Another option is to work with a good freelancer – one that has experience in the sector and can prove they have the knowledge and contacts to do a great job. Freelancers will often work for a number of clients on an ‘hours per month’ basis and tend to work on more ad-hoc, tactical outputs. They can be a great entry into PR as they usually come out at a lower cost than agencies, but as they usually operate alone, they won’t usually have access to the breadth of resources an agency would have.

Your final option is to chat to a specialist tech PR agency, that works with a portfolio of other tech businesses on their comms campaigns. With this option, your account will be worked on by a specialist team (usually three people) that are experts in your sector. Depending on the size and expertise of the agency you go with, this can be a more expensive option, however, providing you go for the right agency, the resource and expertise you’ll have access to will be second to none. Many businesses choose to work with PR agencies for scalability, access to creative ideas, high level communications consultancy and access to high level l media contacts – plus the security that if something goes wrong, they’ll be experienced in knowing what to do in a crisis.

Where should your PR firm be based?

Many businesses that approach us tend to want to know whether they need an agency that’s based close to them, or in the area where investors / journalists / big sales opportunities are likely to reside. Equally, many overseas or London tech firms want to know if they’d be better taking on an agency in London, usually for the aforementioned reasons.

The answer to this is probably different to what it would have been a decade ago, but as a result of living in an increasingly connected and remote world, it doesn’t really matter whether you go for an agency in London, or elsewhere in the UK. Literally everything can be done remotely now. Gone are the days of PRs having boozy lunches with journalists in central London – most communication is done over video call or email. We’re having more and more meetings with journalists over zoom coffee - it saves us both time and helps the environment as we’re doing far less travel miles! In most cases, you’ll also find that you get better value from an agency outside of London, as their running costs and rents tend to be significantly lower.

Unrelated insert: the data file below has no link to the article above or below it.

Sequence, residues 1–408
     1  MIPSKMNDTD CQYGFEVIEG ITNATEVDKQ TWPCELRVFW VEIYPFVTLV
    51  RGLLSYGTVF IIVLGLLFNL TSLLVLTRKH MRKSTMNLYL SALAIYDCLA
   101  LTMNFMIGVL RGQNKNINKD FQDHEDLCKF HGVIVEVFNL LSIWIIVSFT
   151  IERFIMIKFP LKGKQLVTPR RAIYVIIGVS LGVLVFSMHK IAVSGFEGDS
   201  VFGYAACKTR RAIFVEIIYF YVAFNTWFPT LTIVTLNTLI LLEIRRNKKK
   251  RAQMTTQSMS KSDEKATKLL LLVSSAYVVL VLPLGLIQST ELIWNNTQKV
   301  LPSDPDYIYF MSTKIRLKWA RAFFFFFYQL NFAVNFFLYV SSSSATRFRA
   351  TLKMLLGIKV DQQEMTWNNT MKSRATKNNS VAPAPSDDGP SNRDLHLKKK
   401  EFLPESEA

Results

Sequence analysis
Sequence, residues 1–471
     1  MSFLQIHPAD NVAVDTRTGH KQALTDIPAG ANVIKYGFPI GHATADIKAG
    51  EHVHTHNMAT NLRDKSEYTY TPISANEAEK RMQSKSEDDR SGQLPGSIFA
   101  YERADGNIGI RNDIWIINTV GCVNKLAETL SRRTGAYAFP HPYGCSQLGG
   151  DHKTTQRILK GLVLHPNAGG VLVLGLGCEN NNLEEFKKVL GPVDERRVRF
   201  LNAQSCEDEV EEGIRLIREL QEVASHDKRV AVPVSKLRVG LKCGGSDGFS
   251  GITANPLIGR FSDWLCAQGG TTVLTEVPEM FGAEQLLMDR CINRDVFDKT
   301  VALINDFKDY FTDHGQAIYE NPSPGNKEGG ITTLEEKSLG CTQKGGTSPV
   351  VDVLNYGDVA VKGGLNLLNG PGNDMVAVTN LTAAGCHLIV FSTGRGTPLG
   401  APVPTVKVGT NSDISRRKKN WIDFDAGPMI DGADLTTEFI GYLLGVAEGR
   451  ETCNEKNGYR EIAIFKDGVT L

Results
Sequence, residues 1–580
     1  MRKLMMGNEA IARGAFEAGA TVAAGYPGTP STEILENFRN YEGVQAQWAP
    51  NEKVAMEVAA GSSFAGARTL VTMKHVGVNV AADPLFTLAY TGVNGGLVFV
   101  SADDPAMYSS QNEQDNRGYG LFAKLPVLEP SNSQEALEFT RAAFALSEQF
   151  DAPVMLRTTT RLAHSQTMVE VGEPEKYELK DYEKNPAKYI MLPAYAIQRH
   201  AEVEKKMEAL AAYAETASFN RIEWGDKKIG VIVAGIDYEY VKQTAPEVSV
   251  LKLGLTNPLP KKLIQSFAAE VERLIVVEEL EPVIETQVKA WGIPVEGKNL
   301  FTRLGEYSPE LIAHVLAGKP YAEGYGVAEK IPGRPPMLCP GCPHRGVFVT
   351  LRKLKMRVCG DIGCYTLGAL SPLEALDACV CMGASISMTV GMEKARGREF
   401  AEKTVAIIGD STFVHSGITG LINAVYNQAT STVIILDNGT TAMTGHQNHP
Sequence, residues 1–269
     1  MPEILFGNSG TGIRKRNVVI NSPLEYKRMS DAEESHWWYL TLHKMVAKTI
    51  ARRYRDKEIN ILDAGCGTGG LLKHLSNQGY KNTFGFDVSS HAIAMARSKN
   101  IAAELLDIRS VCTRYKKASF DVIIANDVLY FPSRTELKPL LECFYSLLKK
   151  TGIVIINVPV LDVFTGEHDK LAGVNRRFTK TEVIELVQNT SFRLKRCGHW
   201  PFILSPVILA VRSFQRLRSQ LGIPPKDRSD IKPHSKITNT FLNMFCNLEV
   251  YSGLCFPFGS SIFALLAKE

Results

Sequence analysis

What do your investors need to see from PR?

While investment can be exciting and help to propel you to higher places, it can also be unsettling initially, particularly when it involves relinquishing control of some of your business. While deals that come with investments vary (with some investors wanting very little input and some wanting the total opposite!), all will come with stipulations. That’s why we advise having a think about what your investors will want to see from what you’re putting out there into the world: do they want to see positive stories about how well the business is doing, or your CEO commenting on top-level industry issues? PR agencies that are experienced in working with scale-ups will know the nuances of working with investors and will be able to advise on the best approach - and work with the PR team at your investment company on joint activity, if required.

We hope this blog has given you a few things to think about when it comes to kicking off your PR as a tech scale up. If you’d like to chat to us informally for some advice, please do get in touch!